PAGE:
All Teas Come from the Same Plant
All non-herbal teas actually come from the same plant, Camellia Sinensis, which originates and grows wild through all of south, southeast, and east Asia. White tea, yellow tea, green tea, dark tea, and black tea all come from this one type of tree. Herbal tea actually refers to any teas that are not made with C. Sinensis. (Pretty cool right? That’s a fun fact you can drop over a cafe meet-up with friends or over dessert at your next dinner party. You’re welcome.)
Similar to wine, awesome variety in humanity’s favorite drink comes from the specific terroir of where the trees are grown. Secondly, variety comes about in how it is processed, creating different levels of oxidation. Green tea was the first version: the green leaves were plucked, steamed, and dried. Later on, more steps like toasting, crushing, or panning the leaves allowed more oxygen and complex flavors before they were dried, darkening the colors over time. Black tea was the latest introduction to the scene- and the most oxidized.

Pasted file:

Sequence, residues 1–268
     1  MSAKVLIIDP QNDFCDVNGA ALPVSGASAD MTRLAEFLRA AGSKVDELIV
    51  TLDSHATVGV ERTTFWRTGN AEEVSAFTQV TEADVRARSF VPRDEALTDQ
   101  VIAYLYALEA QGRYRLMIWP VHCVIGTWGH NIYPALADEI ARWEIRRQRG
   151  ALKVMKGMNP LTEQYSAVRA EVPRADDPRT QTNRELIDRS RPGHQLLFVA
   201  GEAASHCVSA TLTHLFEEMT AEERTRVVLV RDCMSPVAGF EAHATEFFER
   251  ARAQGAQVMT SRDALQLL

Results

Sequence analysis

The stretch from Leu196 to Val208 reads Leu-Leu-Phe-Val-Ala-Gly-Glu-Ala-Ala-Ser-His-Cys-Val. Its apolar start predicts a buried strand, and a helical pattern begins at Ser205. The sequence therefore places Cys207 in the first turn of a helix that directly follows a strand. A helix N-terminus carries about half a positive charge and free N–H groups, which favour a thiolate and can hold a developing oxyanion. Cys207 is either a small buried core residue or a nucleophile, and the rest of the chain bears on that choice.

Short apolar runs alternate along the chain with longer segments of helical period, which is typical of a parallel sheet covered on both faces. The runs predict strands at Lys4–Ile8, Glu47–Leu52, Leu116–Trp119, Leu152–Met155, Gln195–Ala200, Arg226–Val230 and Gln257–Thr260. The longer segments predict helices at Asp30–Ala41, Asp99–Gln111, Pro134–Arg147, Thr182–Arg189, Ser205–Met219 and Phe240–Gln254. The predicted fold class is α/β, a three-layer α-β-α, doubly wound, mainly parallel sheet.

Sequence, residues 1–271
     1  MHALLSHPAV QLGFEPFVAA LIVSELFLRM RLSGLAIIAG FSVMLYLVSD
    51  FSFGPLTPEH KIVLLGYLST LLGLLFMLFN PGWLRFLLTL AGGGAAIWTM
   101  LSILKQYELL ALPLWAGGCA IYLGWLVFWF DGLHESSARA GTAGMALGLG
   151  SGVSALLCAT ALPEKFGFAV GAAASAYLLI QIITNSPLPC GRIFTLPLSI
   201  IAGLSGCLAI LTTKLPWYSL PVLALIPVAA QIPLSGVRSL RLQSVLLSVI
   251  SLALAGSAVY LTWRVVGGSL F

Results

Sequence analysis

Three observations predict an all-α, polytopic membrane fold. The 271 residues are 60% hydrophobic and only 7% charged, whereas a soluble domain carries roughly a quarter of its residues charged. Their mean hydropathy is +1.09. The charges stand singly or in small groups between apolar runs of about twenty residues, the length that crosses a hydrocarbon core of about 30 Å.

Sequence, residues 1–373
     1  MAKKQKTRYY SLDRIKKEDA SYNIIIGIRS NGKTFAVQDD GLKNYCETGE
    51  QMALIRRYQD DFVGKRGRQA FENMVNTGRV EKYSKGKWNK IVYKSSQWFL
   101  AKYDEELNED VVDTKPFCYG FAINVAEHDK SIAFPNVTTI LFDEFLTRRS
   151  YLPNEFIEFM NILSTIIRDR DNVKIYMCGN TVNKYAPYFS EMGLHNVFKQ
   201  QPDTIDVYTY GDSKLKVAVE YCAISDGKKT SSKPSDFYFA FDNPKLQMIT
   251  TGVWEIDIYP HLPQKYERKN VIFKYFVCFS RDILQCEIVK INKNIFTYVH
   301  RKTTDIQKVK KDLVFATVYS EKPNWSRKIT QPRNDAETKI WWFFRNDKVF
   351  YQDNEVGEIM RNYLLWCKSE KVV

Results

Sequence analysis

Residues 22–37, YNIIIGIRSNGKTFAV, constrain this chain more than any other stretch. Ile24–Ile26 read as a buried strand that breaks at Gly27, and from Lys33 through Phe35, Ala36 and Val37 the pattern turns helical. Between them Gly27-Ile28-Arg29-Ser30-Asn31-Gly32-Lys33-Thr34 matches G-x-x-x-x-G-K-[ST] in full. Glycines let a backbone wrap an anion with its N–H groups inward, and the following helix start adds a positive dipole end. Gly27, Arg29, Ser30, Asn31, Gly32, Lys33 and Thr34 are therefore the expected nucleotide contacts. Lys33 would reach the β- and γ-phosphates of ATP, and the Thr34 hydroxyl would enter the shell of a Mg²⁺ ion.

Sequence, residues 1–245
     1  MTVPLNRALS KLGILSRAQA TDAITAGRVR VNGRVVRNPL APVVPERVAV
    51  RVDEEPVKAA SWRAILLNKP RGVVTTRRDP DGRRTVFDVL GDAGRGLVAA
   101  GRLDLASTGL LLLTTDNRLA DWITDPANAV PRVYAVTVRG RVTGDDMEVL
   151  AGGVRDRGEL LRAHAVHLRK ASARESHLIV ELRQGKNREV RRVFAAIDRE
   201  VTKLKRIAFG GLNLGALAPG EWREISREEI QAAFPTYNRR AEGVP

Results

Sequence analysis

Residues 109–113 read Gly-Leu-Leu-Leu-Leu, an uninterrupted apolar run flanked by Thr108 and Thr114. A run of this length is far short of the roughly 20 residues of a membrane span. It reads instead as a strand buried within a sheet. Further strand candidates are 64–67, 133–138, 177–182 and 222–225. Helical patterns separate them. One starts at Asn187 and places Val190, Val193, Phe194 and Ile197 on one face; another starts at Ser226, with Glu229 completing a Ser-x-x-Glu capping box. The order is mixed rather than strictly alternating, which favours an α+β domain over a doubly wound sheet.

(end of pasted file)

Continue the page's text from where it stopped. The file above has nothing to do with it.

Further variations, such as Darjeeling vs. Assam teas, actually refer to the regions they are grown in (in this case, both in India,) and you can get Darjeeling or Assam teas in green, white, yellow, oolong, and black varieties.
Other variations, like Earl Gray, get their unique flavor profile from the blend or post-production: Earl Gray mixes in bergamot oil from a citrus fruit in southern Europe. English Breakfast Tea is simply a black tea blend of Assam (in India,) Ceylon (in Sri Lanka,) and Kenyan teas. Sencha and Matcha teas are both Japanese green, Sencha is just brewed using the full tea leaves, whereas Matcha tea uses ground up tea leaves.